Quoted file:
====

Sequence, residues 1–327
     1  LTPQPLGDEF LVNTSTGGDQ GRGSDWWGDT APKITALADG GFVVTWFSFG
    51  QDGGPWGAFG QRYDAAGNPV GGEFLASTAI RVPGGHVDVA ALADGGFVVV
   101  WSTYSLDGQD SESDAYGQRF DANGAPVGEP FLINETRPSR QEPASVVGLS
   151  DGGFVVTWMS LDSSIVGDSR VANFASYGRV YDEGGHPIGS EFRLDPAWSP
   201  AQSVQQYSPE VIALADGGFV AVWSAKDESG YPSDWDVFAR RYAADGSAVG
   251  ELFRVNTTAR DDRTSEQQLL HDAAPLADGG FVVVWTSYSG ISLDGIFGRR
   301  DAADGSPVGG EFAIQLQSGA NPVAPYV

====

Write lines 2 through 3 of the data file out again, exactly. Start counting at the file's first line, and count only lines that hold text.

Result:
     1  LTPQPLGDEF LVNTSTGGDQ GRGSDWWGDT APKITALADG GFVVTWFSFG
    51  QDGGPWGAFG QRYDAAGNPV GGEFLASTAI RVPGGHVDVA ALADGGFVVV